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While most Shanghai-based artists have waxed introspective during the hard Covid-19 lockdown that has suspended the city of 26 million inhabitants since 1 April, artist Gao Jie has, since day 18, been documenting in simple, expressive drawings the period’s daily absurdities and indignities. Softer mundanities like endless nucleic acid and antigen testing, or the scramble to obtain food, are punctuated by unsanitary quarantine centres, mass removals of neighbourhoods, and violence by the white hazmat suit-clad enforcers, called Dabai or Baymaxes. Videos and photographs of abuses go viral among a rapt, captive audience before being, mostly, censored from social media.

“The shock from all the chaos today is far more powerful than any work of art, film or literature,” Gao says. “Dealing with immediate pain, with the daily imminent danger” of testing positive or being quarantined due to proximity or clerical error, “has become intrinsic to being Shanghainese and Chinese. The information society means that everyone sees ever more videos of the suffering of people around them, the recordings of arguments between intellectuals and law enforcement, the videos of physical conflicts.”

Gao was born in Xiamen, studied at the School of Fine Arts in Le Mans, France, and is based in Shanghai; he had a solo show last year at the ShanghART Gallery in the city. His work was also shown at the ninth Shanghai Biennale (2012-13) and at Tang Contemporary Art in Beijing in 2013.

Gao Jie’s Beaten Dog (2022)

He began the Covid project after the most recent lockdown, originally announced as lasting four days, started dragging into weeks. He was stuck at home after his wife, curator Chao Jiaxing, had smuggled herself to the airport and out to Venice. “I found myself in a very embarrassing situation: I lacked food and couldn’t even go to the corridor,” he says, let alone obtain painting materials. All he could find at home was a packet of drawing paper.

‘Morality in resistance’

More than 200 drawings to date include Old Lady, portraying a woman, possibly mentally ill, who defied stay-in orders and resisted arrest, fending off several Dabai with an iron bar. “A person who was very weak in the past society becomes very strong at this time,” Gao says. “Confronting absurdity with absurdity almost creates a kind of normal. Chinese culture traditionally views those who violate martial law as chivalrous: there is a sense of morality in resistance to rules, so she seemed to me more legendary than a [a hero in a] big action film.”

I drew countless absurd and extremely stupid things being done by Dabai [suit-clad enforcers]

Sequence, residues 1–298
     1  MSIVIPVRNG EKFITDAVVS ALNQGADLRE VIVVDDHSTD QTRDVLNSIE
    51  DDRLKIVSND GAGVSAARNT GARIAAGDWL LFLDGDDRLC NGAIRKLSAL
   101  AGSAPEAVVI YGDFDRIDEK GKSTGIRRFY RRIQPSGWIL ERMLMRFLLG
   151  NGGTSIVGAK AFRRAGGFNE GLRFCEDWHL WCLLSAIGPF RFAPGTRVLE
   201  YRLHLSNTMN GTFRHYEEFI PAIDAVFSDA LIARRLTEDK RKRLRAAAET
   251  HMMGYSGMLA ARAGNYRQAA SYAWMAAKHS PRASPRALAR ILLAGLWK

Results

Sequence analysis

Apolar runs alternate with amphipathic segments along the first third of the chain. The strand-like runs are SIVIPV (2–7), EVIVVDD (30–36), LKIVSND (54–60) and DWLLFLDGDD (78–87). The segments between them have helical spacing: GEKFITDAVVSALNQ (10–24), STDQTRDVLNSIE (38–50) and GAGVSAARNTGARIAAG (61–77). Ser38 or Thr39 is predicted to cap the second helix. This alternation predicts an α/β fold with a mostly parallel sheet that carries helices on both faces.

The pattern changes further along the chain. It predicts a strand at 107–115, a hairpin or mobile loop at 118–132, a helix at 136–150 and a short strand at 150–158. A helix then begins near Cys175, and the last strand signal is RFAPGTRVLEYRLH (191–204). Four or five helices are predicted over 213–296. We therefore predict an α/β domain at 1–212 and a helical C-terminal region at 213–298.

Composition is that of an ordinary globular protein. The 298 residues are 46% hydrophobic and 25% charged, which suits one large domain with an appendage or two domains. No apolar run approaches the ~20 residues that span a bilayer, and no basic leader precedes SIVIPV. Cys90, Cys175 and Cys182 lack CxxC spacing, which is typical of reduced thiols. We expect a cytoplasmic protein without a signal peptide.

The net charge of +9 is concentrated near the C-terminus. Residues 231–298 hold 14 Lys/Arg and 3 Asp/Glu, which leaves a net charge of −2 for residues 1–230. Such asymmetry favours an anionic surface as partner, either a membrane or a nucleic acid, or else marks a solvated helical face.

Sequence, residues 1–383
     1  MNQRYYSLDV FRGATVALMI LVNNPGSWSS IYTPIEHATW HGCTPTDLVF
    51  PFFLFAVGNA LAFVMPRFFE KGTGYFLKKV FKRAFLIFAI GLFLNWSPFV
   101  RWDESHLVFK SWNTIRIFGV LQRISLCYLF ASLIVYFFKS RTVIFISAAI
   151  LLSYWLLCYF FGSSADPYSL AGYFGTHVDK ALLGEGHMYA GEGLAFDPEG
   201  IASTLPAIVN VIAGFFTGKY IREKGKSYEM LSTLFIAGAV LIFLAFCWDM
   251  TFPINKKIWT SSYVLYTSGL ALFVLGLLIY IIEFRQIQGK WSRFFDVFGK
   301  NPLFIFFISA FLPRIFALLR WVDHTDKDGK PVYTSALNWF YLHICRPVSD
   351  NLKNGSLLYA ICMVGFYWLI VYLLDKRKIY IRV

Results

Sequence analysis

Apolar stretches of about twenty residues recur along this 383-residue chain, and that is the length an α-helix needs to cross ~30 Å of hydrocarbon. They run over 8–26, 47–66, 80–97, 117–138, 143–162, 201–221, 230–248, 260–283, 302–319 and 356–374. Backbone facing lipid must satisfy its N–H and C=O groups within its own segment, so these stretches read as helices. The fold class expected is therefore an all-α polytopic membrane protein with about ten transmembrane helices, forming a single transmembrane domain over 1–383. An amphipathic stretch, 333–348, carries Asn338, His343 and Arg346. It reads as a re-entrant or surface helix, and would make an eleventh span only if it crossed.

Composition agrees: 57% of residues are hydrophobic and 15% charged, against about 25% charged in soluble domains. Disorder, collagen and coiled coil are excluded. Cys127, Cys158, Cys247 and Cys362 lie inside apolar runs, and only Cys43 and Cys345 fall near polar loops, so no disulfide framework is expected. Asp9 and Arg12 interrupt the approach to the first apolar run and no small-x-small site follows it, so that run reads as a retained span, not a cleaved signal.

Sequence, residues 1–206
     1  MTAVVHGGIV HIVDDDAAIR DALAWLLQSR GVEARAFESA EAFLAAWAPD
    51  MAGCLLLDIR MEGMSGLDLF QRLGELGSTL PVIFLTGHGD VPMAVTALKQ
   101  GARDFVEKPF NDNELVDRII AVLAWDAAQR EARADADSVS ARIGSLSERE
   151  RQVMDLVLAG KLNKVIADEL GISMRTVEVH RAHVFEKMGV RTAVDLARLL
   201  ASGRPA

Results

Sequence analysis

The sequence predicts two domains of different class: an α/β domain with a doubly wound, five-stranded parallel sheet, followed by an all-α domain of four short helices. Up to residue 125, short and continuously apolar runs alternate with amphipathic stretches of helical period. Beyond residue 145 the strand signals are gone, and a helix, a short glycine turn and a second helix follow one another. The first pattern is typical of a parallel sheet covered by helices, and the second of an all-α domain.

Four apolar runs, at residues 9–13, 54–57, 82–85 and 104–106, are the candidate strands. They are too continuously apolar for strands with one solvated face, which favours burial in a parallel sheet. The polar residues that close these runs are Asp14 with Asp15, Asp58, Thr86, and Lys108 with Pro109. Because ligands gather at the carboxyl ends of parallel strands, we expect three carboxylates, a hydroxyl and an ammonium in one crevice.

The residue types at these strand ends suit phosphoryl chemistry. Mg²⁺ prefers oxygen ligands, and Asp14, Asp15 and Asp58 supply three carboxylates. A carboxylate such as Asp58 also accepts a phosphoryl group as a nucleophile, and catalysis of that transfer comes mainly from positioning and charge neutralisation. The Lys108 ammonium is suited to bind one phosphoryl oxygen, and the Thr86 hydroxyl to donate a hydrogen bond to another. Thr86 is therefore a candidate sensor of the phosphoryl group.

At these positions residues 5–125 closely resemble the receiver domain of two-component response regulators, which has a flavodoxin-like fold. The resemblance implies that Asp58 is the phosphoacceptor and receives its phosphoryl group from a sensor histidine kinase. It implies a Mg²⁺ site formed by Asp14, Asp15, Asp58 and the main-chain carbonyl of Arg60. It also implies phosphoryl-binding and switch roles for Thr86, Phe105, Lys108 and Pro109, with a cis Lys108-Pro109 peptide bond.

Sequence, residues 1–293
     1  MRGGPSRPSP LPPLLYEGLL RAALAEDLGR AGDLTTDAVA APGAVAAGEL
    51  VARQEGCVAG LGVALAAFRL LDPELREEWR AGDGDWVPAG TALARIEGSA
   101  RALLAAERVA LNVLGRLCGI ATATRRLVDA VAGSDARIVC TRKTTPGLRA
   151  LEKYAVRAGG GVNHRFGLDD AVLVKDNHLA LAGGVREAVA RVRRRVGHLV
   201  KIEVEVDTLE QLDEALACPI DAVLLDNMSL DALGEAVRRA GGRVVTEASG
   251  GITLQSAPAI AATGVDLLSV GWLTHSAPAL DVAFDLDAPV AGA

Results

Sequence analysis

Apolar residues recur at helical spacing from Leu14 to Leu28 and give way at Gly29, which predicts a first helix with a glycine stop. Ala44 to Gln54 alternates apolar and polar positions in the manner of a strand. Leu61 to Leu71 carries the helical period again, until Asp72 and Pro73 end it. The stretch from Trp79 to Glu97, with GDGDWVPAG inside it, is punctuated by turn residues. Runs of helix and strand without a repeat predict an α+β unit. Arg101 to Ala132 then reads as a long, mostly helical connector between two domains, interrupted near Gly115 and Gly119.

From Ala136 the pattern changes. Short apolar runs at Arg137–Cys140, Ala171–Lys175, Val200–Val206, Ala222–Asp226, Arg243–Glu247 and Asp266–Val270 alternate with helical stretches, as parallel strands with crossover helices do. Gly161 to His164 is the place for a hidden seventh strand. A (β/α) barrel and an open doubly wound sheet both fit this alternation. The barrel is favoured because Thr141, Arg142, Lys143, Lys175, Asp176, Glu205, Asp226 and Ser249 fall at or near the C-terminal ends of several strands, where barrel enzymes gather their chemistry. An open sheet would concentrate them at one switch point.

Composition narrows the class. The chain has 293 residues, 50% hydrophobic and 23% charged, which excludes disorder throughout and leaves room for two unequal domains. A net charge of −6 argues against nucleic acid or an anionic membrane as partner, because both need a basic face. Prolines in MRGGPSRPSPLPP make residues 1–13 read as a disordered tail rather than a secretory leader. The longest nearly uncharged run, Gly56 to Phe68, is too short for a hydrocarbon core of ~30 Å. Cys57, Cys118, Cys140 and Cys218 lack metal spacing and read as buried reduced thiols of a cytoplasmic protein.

Gao Jie, artist

Another work, Beating a Dog, depicts an incident in which Dabai beat an animal as its owner was removed to central quarantine. “There were so many images like this, and I draw them every day, though mostly it’s people” being mistreated, Gao says. “I drew countless very absurd and extremely stupid things” being done by Dabai, “many even more absurd than this one”. Hazmat-suited figures have been captured doing everything from harvesting vegetables, alone in a field, to packing a residential stairwell with barbed wire to climbing into homes to spray disinfectant into refrigerators and over rooftops.

A widely reshared video depicted a team of Dabai police breaking down and climbing through the door of an apartment to take its residents to central quarantine, despite their protestations that their Covid tests had all been negative. “There are countless similar incidents every day,” Gao says, with “countless people ordered to leave home and go to quarantine centres, though many of them think their nucleic acid test results are wrong”.

Another incident involved a middle-aged man who died at home during lockdown, his body uncollected for days even as food rations piled up outside in the hallway, attracting cockroaches. “This half-closed door is more terrible for me than the direct presentation of the body,” Gao says. “Behind this door may be you, me, our family or neighbours. Behind this door is a very real, complex and ordinary story. This door reminds me what kind of world I live in.”

As Shanghai’s lockdown drags through month two at the time of writing, with a heralded official June reopening rendered nearly meaningless by a catalogue of restrictive caveats, the unease Gao documented has spread to Beijing and the rest of China. He has not formulated any plans for the series, which might be challenging to exhibit or publish within the country.

“I just hope that in ten years, I can see a small dusty drawing on a small wall above the shoe cabinet at the entrance of my home, reminding me not to forget my current self peeping through the cracks of 2022,” Gao says. “I hope I will never forget. ‘Forgetting’ makes people stupid.”

The artist concludes: “History tells us that Chinese people will forget their wounds at the moment of change. Amnesia is the most obvious, widespread and serious disease of the

information age.”

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